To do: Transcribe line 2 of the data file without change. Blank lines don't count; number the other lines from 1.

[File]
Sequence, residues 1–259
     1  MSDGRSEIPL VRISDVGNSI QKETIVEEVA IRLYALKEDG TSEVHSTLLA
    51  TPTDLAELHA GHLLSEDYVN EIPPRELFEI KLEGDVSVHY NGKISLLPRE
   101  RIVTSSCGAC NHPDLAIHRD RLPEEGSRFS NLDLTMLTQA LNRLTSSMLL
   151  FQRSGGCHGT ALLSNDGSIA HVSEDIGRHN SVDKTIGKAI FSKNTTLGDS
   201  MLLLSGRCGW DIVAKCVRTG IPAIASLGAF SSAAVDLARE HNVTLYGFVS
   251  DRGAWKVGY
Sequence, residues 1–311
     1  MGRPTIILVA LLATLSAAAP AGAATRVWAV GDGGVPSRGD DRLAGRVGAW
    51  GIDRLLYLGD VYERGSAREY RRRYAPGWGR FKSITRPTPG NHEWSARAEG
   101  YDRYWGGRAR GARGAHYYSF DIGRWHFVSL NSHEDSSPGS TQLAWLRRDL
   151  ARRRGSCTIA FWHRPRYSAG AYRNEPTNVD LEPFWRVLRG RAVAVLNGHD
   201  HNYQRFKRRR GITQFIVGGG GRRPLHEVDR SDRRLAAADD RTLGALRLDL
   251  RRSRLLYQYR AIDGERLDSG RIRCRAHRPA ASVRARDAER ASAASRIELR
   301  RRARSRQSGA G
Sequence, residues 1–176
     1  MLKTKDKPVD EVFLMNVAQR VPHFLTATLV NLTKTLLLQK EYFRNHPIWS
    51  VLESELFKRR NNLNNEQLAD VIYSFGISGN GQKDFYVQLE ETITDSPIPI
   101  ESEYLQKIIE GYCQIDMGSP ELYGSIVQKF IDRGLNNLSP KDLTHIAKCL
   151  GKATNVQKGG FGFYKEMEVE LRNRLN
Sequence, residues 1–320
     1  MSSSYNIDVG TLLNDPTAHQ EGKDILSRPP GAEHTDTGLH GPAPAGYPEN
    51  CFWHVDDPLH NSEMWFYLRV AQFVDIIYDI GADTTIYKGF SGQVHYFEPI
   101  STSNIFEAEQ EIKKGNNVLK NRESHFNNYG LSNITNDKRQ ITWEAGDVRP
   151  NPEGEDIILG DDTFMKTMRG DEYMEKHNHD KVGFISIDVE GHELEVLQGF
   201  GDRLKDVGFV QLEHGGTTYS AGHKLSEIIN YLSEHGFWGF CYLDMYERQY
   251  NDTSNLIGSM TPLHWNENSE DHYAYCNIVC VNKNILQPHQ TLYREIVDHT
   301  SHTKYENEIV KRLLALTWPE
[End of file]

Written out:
     1  MSDGRSEIPL VRISDVGNSI QKETIVEEVA IRLYALKEDG TSEVHSTLLA